Located at the corner of Hemmant and Tingalpa Road and Boonoo Street in Hemmant, the heritage-listed Anning Monument, also known as the Hemmant Boer War Memorial, was designed and constructed by William Busby in 1903 as a testament to the courage and sacrifice of Lance Corporal John Harry Anning.
Unveiled on 14 March 1903, by Colonel Thomas Price, the Anning Monument was a heartfelt tribute from Anning’s friends and comrades, erected with the support of public donations. Lance Corporal Anning, a local hero, served in the 5th Queensland Imperial Bushmen and tragically lost his life at the age of eighteen during the Boer War in Koffiefontein, South Africa, on 6 August 1901.
Originally situated at the junction of Lytton and Hemmant Roads, the monument was relocated in 1968 after an unfortunate collision with a car. Its significance lies in being one of the early war memorials in Queensland, predating the proliferation of such monuments following the First World War.
The Anning Monument represents more than a memorial; it offers valuable insights into the historical context of imperial and national loyalties, the craftsmanship of local stonemasons, metalworkers, and architects, as well as the prevailing popular taste of the time.
Within the vast park in Hemmant, the sandstone memorial commands attention with its commanding presence. Crafted from sandstone, it consists of a base, pedestal, and obelisk, resting on a concrete pad. Surrounding it is a chain-linked fence supported by sturdy metal posts.
The base is a smooth step, and the pedestal is adorned with elaborate cyma recta mouldings. Notably, a striking relief carving of a trooper’s hat and bandolier graces the pedestal, adding to its artistic appeal.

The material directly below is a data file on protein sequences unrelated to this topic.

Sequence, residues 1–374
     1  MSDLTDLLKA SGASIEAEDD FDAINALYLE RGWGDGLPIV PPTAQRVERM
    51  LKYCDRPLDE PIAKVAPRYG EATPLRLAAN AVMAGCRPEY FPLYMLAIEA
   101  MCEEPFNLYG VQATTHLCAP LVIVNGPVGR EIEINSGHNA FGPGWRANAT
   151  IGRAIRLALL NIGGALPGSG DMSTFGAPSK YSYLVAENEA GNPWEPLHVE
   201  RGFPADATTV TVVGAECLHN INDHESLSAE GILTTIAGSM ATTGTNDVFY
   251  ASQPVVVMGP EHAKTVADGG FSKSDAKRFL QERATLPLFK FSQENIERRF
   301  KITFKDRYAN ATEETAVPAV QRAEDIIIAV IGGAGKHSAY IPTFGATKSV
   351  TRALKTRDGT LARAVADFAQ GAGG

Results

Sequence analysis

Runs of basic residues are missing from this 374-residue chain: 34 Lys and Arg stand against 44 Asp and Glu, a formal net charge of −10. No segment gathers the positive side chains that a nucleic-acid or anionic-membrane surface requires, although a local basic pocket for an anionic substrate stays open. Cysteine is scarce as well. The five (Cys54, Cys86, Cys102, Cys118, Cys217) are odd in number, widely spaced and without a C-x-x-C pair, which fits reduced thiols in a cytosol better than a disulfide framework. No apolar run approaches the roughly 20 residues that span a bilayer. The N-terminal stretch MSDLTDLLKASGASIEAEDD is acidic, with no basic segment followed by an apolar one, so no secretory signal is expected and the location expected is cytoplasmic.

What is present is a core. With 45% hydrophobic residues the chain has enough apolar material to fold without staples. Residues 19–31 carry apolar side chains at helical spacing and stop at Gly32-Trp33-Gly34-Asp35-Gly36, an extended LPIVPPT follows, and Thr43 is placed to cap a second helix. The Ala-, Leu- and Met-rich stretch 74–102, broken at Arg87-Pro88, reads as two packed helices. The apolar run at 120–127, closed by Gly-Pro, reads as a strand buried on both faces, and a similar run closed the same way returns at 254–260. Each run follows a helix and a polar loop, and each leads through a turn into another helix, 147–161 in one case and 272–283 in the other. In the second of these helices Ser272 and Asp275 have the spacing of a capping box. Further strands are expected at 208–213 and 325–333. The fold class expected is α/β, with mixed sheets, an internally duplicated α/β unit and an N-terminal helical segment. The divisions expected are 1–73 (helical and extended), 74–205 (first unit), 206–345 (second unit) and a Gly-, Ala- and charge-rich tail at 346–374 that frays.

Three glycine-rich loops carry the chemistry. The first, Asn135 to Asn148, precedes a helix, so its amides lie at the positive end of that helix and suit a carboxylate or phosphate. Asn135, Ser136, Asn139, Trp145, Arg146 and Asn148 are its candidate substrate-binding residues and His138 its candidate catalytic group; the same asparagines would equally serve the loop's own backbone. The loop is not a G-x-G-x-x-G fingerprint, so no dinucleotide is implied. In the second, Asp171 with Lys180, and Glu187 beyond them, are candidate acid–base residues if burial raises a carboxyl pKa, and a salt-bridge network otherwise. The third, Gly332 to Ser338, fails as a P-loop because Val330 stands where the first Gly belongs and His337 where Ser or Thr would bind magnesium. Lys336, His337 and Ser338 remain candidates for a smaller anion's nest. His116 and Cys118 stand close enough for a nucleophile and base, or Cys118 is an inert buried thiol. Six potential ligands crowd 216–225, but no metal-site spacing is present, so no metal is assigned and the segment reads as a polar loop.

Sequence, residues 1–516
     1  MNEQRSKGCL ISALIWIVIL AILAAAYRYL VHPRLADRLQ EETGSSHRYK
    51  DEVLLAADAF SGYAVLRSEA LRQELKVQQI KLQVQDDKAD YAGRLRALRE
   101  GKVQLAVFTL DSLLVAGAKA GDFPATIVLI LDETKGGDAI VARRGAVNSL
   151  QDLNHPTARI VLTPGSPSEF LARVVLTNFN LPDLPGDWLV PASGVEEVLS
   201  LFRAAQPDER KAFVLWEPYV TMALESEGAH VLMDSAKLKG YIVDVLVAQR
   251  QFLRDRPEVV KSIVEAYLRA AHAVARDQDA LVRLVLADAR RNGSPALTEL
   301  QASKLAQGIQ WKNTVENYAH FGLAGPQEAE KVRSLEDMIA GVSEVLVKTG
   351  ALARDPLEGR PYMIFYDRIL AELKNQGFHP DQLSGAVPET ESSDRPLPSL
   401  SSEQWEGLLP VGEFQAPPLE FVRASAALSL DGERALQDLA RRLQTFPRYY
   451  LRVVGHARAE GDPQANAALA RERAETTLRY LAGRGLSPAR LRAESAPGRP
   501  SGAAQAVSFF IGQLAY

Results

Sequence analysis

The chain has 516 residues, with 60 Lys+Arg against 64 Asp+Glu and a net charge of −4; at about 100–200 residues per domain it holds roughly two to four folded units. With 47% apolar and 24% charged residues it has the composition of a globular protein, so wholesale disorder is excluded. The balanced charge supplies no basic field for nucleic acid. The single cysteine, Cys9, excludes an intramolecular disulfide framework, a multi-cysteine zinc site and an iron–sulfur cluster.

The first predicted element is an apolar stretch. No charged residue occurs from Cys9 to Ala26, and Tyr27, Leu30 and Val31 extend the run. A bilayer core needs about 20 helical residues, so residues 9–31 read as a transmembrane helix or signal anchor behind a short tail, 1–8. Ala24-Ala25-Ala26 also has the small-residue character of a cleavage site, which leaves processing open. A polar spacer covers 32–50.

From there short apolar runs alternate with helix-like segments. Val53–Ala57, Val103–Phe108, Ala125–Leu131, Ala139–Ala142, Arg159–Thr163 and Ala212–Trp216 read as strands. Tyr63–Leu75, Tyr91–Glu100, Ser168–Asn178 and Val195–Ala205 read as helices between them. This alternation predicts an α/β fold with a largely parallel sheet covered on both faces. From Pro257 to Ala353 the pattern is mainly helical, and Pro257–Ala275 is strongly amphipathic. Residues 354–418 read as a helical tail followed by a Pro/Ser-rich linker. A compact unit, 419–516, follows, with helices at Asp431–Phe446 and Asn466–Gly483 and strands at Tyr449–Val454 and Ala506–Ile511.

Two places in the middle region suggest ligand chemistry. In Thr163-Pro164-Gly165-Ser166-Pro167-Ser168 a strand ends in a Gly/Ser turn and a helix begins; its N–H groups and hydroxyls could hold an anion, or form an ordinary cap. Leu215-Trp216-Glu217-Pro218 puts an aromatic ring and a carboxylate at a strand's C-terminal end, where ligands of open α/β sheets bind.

Rising from the pedestal is the square pillar of the dado, showcasing recessed panels on each side. The front face proudly holds a leaded marble plaque bearing an inscription honouring Lance Corporal Anning. Above the dado, the obelisk stands tall, adorned with further inscriptions and a relief carved tasselled shroud symbolising mourning and loss. Crossed rifles, bound with cord and resting on a banner, serve as a poignant reminder of Anning’s military service, while a small crown atop a staff emphasises his bravery and loyalty.
In a city adorned with various memorials, the Anning Monument stands as a unique testament to the sacrifices made during the Boer War. Whilst Australian war memorials are significant historically, this one serves as a moving reminder of a particular period in the country’s military history. Its presence in Hemmant not only preserves the memory of Lance Corporal Anning but also provides a place for reflection and remembrance for generations to come.